Welcome to Mere Rhetoric, the podcast for beginners and insiders about the people, terms and movements who have shaped rhetorical history. I’m Mary Hedengren and I’ve been reading A Christmas Carol this holiday season because I’m playing Mrs. Crachit in a community theatre production. And wow. There is a story behind that. But becaue I was interested in The christmas carol, so I started reading The Man Who Invented Christmas, Les Standiford’s history of Dickens’s masterpeice. I was surprised to hear how A Christmas Carol had solidified Christmas as we know it, a home-and-family...

info_outline
Inventing the University--David Bartholomae show art Inventing the University--David Bartholomae

Mere Rhetoric

[intro] Welcome to MR the podcast for beginngs and insiders aboutt he ideas, people and movements who have shaped rhetorical history. I’m Mary Hedengren. This last week I graded my students’ rhetorical analyses. For many of them, this was the first time they had been asked to write a rhetorical analysis and this assignment always makes me nervous. I give them sample papers. We practice writing a rhetorical analysis together. We discuss in depth examples and abuses of ethos, logos, and pathos, but many of them struggle tremendously. I know I could write a 3-page rhetorical analysis in 20...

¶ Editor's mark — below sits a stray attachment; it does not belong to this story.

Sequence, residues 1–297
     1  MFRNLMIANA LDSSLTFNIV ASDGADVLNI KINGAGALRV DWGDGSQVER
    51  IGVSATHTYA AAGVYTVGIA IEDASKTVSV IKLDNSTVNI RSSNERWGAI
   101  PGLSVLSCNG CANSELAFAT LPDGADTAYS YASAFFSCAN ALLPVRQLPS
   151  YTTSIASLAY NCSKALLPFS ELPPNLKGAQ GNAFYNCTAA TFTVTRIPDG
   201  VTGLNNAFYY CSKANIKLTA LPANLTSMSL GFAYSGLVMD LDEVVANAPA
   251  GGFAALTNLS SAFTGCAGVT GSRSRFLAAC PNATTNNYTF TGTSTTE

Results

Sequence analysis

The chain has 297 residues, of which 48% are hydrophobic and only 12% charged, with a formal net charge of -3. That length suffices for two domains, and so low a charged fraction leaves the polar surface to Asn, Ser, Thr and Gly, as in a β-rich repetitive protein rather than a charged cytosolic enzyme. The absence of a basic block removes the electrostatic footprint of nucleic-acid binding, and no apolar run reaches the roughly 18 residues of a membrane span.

info_outline
The Other Eight: Andocides show art The Other Eight: Andocides

Mere Rhetoric